For many colleges and universities, the adult learner market is a top-of-mind discussion on your campus. Today there are some 44 million adults in the U.S. with some credit but no degree. The struggling economy and increased global competition are driving many of these people back to college to finish what they began. In turn, institutions are adjusting their enrollment marketing strategies to pursue this growing market. Yet finding adult students is not as easy as placing a name search order with the College Board or ACT.
If you are looking for proven strategies to find, engage, and enroll adult students, you may want to consider the upcoming Aslanian Seminar, Converting Credits to Degrees: 44 Million Adults to Recruit to be held on July 19-20, 2012 at the Harvard Club in New York City.
Speakers will present evidence-based strategies to help you understand the adult learner market, what they want, and how you can best reach and support them in their educational decision process.
I will be presenting two sessions during the conference including:
Reaching Adults Ready for College Using Email and Search Marketing
With 44 million adult learners to recruit, it’s time to get busy. The challenge comes from investing in the right marketing strategies to uncover adult learner demand, and converting interested prospective students into enrollments. The choices are many including: branding and awareness campaigns; online marketing; social media; CRM technology. Where do you start?
In our research and experience, institutions serving adult learners often fail to generate a sufficient pool of prospective students, lack the proper success metrics, and flounder at their attempts to drive enrollment conversions. In this presentation, learn a systematic approach to building adequate inquiry pool to support your degree-completion and adult-focused programs. Discover specific approaches to measure and evaluate your results and learn to execute conversion-focused strategies to turn adult shoppers into applicants.
Managing the Prospective Student Enrollment Experience – New Secret Shopping Results
Enrollment marketers often spend a great deal of time on sizing up the potential market, developing the right message and brand promise, and executing a myriad of marketing tactics to get the “word out”. Yet they often forget an important component – what happens when students actually contact you? Are you ready?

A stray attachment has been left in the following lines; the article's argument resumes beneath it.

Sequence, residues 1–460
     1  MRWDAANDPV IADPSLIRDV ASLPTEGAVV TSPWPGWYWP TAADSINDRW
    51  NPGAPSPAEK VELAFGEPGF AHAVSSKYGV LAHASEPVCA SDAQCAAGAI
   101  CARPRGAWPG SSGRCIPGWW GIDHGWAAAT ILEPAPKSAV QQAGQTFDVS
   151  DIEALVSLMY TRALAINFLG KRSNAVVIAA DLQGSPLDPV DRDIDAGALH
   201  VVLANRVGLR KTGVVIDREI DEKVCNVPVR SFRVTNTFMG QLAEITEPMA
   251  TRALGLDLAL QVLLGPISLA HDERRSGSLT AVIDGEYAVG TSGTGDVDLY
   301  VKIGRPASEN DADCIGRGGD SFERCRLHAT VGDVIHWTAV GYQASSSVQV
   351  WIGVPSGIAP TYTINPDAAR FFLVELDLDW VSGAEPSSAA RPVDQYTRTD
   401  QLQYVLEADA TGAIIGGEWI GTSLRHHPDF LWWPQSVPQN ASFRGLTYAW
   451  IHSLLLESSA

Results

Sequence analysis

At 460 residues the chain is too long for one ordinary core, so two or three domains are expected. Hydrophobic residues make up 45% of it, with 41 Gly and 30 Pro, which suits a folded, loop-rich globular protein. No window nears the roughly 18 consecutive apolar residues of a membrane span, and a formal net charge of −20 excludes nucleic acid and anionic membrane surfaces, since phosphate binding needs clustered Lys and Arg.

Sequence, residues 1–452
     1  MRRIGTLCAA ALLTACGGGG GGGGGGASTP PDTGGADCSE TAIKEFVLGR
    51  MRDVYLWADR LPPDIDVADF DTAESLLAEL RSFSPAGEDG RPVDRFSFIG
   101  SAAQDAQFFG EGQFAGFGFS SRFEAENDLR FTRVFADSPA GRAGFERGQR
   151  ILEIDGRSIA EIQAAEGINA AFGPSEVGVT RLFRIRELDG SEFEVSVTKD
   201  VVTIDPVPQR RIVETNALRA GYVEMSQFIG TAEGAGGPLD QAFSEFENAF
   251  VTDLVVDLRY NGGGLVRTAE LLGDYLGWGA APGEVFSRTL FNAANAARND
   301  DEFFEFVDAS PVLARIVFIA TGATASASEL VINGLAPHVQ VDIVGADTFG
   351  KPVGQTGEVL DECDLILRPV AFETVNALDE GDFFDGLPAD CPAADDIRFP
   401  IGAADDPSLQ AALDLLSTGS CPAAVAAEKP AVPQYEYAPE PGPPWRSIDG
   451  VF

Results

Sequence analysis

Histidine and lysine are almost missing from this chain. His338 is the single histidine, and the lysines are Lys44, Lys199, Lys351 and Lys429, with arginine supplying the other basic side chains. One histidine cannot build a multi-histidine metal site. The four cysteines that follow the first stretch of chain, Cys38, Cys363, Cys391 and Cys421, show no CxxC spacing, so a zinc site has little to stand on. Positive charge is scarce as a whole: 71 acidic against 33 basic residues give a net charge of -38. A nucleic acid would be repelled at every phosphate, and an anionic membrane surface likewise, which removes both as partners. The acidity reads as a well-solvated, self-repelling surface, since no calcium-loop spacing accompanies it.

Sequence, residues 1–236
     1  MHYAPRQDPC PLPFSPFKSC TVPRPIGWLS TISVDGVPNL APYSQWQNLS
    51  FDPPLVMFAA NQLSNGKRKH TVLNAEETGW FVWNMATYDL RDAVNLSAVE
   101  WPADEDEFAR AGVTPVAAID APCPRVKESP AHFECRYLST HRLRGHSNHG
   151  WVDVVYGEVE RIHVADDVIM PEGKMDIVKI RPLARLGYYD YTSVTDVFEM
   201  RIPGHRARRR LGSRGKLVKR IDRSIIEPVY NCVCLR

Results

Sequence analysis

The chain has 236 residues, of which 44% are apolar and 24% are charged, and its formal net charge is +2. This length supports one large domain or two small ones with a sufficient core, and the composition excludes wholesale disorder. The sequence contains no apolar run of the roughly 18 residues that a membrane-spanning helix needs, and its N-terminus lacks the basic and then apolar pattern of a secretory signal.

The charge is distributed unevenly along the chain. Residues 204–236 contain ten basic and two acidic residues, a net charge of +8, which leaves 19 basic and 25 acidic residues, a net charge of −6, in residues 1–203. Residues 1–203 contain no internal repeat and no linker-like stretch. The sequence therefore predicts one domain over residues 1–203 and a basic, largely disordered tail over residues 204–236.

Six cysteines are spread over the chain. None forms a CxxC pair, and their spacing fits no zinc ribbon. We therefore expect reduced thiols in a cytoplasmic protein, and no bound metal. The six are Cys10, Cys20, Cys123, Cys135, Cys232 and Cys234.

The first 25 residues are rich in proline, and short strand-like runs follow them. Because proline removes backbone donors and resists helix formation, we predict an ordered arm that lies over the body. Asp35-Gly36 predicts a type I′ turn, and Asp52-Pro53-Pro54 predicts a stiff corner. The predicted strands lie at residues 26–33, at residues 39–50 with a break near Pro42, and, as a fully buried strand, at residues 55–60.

Managing the prospective student enrollment experience is particularly mission-critical for units offering degree completion and adult-focused programs. Adult learners come with a variety of academic backgrounds and life experiences and rarely fit neatly into a traditional enrollment process.
In this presentation, discover the results of recent primary research where we shopped college and university programs serving adult learners. Learn how to overcome lapses in planning, people, processes, and the use of technology to help prospective students evaluate your programs and assist them in making a decision. Identify enrollment prevention activities and discover actionable strategies to tailor your activities to serve prospective students while achieving your goals. This session is applicable to institutions and departments of all shapes, sizes, missions, and budgets.
You can view the entire Aslanian seminar agenda here.
What have others said about Aslanian Seminars?
"This conference is THE definitive training for anyone involved in marketing higher education to adults."
– Robert Heuermann, Metropolitan State University
"The Aslanian Seminar is the best I have ever experienced regarding current topics, research, and practices. Never a dull or needless moment."
– Carol Eades, Asbury College
"I thoroughly enjoyed this seminar experience. The presentations were captivating and highly informative and the topics were relevant to my world in higher education."
– Mark Ash, Kirkwood Community College
"I appreciate the seminar format that encouraged full participation from attendees. The networking opportunities were excellent. Overall a very positive conference, possibly the best that I’ve attended this year."
– Samantha Peterson, The University of South Dakota
"There was so much information. It was well worth the travel and time away to come and learn from industry professionals and educators about this diverse group of students"
– Micah Crews, King College